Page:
8. Let us move away from gold for a moment and consider observations in biology. The following link (and there are many others) is worth a visit:
    A 1978 report by the US Army confirmed Kervran's observations of transmutation in biological systems. A well known example is that a chicken monitored in a carefully controlled environment produces more calcium than it takes in. The experimental work in this field has been conducted so carefully, and it has been confirmed by reputable scientists, that the observations per se are not in doubt. What is in doubt is the explanation.

    Our understanding of physics allows high energy transmutation of elements. In contrast, low energy transmutation of elements has not been confirmed or explained in physics, with the result that any possibility that it may occur in nature is rejected. The way in which we have been conditioned to think in science is that unless we can explain something, it does not exist. There are plenty such phenomena in nature that are blatantly ignored by science, as we cannot explain it. To do research costs money, and students and postdocs need to get paid, plus rising university overhead costs. In medicine only a few Nobel Laureates at the end of their career have dared to publicly talk about these phenomena, and have been discredited quickly by their peers as no longer of a sound mind. Imagine the probability of obtaining research funds for such work, to get it published, and to get PhD theses passed. A supervisor will be irresponsible to use PhD students for such research.

    It is no wonder that biological transmutation has not been investigated further. If the anomalous behaviour in biology cannot be explained by low energy transmutation, then at least we should consider alternative explanations. The scientific community is either irresponsible, or in my view too cowardly, to investigate such phenomena.

    Returning to abnormal gold: There are well known explanations for significant increases in gold recovery or discrepancies in assays, as discussed in previous posts. What I have been flagging is an order of magnitude increase in precious metals not detected by neutron activation. Is this caused by transmutation, distorted nuclei or rearranged orbitals? We simply do not know, and at this stage I do not care, although it will be beneficial to know what mechanism is at play. Either we say this is fake and cannot happen, hence ignore the problem, like biologists prefer to ignore biological transmutation. Or we accept that here is a phenomenon that we are not smart enough to explain and do more observations. Ultimately, the physicists will follow.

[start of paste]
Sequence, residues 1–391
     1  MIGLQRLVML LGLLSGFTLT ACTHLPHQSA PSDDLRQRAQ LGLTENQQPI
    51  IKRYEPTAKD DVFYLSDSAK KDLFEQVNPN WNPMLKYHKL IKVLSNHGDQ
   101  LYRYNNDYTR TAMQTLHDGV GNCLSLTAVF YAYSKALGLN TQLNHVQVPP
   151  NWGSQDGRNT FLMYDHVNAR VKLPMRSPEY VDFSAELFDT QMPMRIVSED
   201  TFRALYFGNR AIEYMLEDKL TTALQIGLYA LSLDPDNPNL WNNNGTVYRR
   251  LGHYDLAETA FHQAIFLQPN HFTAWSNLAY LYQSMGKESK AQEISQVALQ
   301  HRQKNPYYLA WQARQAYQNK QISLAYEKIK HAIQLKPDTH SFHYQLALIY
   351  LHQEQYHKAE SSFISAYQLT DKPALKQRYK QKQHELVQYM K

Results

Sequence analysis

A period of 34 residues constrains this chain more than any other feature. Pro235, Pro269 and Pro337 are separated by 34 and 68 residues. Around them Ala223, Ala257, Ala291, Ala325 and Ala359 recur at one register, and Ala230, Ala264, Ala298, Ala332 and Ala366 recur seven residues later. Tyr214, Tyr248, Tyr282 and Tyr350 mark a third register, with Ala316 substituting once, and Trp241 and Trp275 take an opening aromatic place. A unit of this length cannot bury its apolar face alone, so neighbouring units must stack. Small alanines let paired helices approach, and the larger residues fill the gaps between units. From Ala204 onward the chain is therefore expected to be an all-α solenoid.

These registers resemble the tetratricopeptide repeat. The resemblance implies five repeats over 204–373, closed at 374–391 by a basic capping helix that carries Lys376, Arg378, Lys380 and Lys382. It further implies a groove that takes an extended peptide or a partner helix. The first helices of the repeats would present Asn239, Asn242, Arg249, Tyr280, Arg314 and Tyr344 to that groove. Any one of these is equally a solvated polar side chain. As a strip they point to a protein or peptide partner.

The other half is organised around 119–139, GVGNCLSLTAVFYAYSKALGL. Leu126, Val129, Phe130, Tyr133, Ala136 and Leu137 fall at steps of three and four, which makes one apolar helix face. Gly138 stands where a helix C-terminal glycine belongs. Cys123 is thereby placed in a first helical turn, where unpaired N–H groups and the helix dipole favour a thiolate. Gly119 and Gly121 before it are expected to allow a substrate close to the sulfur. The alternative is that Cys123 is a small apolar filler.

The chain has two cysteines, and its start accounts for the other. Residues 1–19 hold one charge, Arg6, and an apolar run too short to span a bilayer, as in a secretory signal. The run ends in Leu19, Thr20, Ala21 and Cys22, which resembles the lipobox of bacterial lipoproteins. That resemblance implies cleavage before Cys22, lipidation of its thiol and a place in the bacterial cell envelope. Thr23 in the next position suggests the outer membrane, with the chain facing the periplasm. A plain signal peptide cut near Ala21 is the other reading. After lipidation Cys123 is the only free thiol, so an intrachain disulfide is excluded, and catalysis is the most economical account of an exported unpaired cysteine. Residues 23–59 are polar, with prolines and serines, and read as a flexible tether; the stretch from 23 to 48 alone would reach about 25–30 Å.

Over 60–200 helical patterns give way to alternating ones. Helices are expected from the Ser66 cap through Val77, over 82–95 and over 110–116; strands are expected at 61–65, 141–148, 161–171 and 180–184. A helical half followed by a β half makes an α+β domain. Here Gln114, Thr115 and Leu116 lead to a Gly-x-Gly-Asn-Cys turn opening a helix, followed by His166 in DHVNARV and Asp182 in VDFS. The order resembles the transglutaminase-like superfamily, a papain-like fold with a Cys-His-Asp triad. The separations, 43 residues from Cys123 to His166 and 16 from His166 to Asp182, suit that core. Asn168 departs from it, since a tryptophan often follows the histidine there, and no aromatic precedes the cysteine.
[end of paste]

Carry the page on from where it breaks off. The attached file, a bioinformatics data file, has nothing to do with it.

J. Van Deventer

    1. Anytime I see words like "alchemy" or "transmutation" it immediately throws up red flags.

      You would be better served attempting to recover gold from sea water, at least it's there, and can be accumulated, albeit not in quantities or using a process that makes it cost effective, but still, it's there and proven to be so.

      Leave the fantasies at the door when discussion science, chemistry or just how to recover gold from a complex matrix.

      I recently worked a material that contained aluminasilicates or "Zeolites" which encapsulated some precious metals inside the structure itself. XRF did not detect it, fire assay could not crack the structure of the zeolite, it might seem unassayable, but the simple fact is that once the zeolite is cracked, it becomes very easy to assay the material.

      What I am curious about is how anyone can claim that there is anything of value, if they cannot assay the material? If you cannot recover any values, why would you believe any values exist? And if you can recover values, then you can assay.
      NobleMetalsWorks Precious Metals Refining, USA

    2. Excellent QED by NobleMetals...this might relegate the subject discussion to forums w/a penchant for dialectics...there are too many retirees who would be willing to invest their life savings towards the pursuit of a golden 'fleece'...better to leave this issue alone until an accredited institution of higher learning claims otherwise.